Shades of orange are traditionally associated with autumn and as I was walking around my garden to check on the progress of the aloes dotted about, my eye was caught by these bright spots:
This fungi has appeared on an aloe stem and looks rather attractive when looked at more closely:
Back to the aloes though. I am heartened by the appearance of many tightly closed buds, such as this one:
The tall Aloe ferox in the front garden has been pushing up its swelling spikes unseen until now:
Soon these rather insignificant looking spikes will grow tall – you can see a discarded dry stem from last season still hooked onto the leaves – and unfurl into a magnificent display of colour. Watch this space!
This beautiful aloe – the first I have seen blooming here – is a taste of the autumnal treat that we look forward to.
These beautifully rich, warm colours will delight us – as well as birds and insects – throughout winter. The aloes in my garden are pushing up their closed spikes, but this one, growing in the full sun next to the road leading into town, is magnificent.
These flowers fill my heart with joy as I anticipate more to flower all over the country!
I called a halt as soon as I spotted these pink funnel-shaped flowers peeping through the grass not far from the edge of the road. These Giant Candelabra Lilies (Brunsvigia grandiflora) are usually seen during March, so it was a lovely surprise to find this one blooming in April!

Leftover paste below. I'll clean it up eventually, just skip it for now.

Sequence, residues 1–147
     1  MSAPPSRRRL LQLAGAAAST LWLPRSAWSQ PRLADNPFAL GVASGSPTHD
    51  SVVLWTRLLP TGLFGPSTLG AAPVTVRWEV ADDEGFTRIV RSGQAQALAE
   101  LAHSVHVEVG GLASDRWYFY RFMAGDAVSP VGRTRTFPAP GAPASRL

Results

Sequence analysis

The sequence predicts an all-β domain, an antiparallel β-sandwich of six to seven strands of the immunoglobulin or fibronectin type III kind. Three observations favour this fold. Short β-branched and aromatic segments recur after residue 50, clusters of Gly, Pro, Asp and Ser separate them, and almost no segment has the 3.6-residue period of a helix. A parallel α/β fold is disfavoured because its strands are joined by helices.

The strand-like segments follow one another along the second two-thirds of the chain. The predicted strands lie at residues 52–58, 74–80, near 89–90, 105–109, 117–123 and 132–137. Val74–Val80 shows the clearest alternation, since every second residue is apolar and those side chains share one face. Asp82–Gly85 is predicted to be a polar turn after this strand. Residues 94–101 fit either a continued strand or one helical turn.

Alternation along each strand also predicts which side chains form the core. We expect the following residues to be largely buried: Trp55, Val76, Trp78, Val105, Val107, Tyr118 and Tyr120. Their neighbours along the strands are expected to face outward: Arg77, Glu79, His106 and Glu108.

When looked at from above, the long wavy grey-green leaves are visible at the base.
Here is a closer look at them.
There is a darkish pink stripe down the centre of each petal.
The buds look darker than the open flowers. This one is still unfurling.
These flowers occur naturally in the grasslands of the Eastern Cape, Free State, KwaZulu-Natal and Mpumalanga.
The veld has been tinder dry for weeks as the relentless drought continues. A grass fire, fanned by hot wind, raced through the mountains around our town at the weekend, engulfing us in a blanket of smoke and ash. Today the Mountain Drive area looks bleak and black. Yet, Earth Day is one that encourages us to look at our environment more closely; to get to know it better; to consider what we can do to protect and nurture it better; as well as being thankful for what we have.
How extremely thankful I am for the 4mm of soft rain that we were blessed with during the night!
This has encouraged the canary creeper buds to open – these are the first of what should become a waterfall of bright blooms.
The Crassula ovata is also covered with buds waiting to open.
Meanwhile, the Cape honeysuckle flowers are already providing swathes of bright colour and a useful source of nectar.
The Virginia creeper is showing off its autumn colours.
In keeping with these autumnal colours, it is fortuitous that an Olive Thrush was the first bird to greet me this morning.
Happy Earth Day!
During these drab, drought-stricken times we need some cheer in the form of a bright colour. I have looked through my files for examples of cheerful yellow.
How the various varieties of gazanias survive in the dry conditions of the veld – especially during this long period of drought – never ceases to amaze me.
The buds of the canary creeper are already beginning to swell so that I will soon be able to show updated photographs of these delightful yellow flowers that bloom at this time of the year.
The sweet-smelling flowers of the Vachellia (Acacia) karoo are always worth the wait.
Not indigenous, yet fun to have in the garden, are sunflowers.